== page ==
8.32 TRANSMITTING OR PRESENTING FALSE WRITING TO DEFRAUD UNITED STATES (18 U.S.C. § 495)
The defendant is charged in [Count ___ of] the indictment with [transmitting] [presenting] a false writing in support of or in relation to an account or claim with intent to defraud the United States. In order for the defendant to be found guilty of that charge, the government must prove each of the following elements beyond a reasonable doubt:
First, the defendant [transmitted] [presented] a [falsely made] [altered] [forged] [counterfeit] [specify writing] to an [office] [officer] of the United States;
Second, the defendant knew that the [specify writing] was [falsely made] [altered] [forged] [counterfeit];
Third, the [specify writing] was [transmitted] [presented] in support of [specify account or claim];
Fourth, the defendant acted with intent to defraud the United States; and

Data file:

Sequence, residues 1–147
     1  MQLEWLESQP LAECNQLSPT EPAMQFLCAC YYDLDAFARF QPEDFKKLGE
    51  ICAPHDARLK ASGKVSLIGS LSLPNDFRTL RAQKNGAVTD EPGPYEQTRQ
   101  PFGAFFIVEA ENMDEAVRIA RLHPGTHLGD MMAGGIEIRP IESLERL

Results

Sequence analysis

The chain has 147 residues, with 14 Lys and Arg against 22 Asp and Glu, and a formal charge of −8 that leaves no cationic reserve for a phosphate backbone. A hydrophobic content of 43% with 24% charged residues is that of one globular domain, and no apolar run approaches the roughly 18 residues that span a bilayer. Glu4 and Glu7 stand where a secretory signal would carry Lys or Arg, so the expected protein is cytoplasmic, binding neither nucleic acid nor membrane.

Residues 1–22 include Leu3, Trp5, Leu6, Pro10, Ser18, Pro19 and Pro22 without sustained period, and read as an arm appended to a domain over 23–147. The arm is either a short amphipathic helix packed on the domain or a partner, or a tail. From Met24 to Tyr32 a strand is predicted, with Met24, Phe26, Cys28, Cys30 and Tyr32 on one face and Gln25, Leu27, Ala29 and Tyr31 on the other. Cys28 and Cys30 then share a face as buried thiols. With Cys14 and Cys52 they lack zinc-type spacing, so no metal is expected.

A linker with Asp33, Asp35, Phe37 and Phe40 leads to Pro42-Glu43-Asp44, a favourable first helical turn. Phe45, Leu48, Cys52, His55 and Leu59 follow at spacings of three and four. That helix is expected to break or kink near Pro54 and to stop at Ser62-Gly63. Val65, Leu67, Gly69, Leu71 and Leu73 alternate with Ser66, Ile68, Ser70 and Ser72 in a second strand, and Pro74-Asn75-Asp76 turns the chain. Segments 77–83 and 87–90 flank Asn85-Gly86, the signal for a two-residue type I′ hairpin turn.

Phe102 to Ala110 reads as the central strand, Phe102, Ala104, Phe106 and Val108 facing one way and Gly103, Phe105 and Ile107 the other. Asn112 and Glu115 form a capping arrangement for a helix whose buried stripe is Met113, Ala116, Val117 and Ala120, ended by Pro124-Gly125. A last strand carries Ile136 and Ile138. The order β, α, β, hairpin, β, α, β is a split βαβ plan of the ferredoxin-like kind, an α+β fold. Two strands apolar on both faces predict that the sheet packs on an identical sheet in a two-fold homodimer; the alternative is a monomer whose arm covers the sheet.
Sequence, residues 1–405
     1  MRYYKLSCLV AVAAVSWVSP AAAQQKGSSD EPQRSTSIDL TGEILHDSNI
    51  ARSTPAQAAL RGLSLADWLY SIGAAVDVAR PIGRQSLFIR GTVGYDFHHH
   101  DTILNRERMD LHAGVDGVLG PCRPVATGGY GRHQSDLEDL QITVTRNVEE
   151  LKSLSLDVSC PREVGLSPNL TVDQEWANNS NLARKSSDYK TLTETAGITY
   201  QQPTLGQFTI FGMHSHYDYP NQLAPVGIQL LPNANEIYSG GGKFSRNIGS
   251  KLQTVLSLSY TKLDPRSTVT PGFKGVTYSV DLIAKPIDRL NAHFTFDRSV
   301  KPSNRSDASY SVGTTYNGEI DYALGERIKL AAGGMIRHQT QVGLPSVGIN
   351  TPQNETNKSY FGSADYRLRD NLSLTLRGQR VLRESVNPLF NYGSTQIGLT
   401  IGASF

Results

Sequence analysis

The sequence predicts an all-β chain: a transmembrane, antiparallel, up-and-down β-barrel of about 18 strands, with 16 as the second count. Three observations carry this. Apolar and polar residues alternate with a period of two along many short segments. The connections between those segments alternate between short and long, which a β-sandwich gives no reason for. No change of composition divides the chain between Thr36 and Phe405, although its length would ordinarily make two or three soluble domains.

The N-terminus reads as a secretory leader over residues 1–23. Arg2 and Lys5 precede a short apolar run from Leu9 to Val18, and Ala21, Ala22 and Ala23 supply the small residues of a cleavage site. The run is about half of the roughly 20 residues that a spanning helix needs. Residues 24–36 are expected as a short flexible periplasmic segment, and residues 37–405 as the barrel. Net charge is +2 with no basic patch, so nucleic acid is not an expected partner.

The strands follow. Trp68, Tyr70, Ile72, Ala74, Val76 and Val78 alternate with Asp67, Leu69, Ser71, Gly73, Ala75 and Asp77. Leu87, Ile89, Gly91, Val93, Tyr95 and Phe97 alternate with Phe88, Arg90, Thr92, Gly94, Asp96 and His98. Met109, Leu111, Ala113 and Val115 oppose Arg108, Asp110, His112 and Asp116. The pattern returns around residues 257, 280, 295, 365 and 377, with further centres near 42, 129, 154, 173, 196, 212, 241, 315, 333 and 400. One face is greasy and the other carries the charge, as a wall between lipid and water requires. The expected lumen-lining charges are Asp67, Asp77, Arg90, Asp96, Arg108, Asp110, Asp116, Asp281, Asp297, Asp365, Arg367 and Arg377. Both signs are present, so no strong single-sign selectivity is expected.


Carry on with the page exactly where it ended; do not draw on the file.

Fifth, the [specify writing] was material to action on the [specify account or claim]; that is, the [specify writing] had a natural tendency to influence, or was capable of influencing, action on the [specify account or claim].
For a definition of "intent to defraud," see Instruction 3.16 (Intent to Defraud—Defined).
In Neder v. United States, 527 U.S. 1, 22-23 (1999), the Court explained that materiality is a necessary aspect of the legal concept of fraud which is incorporated into criminal statutes concerning fraud unless the statute says otherwise (holding materiality of falsehood must be proved in prosecution under bank, mail and wire fraud statutes). The common law test for materiality in the false statement statutes, as reflected in the fifth element of this instruction, is the preferred formulation. United States v. Peterson, 538 F.3d 1064, 1072 (9th Cir.2008).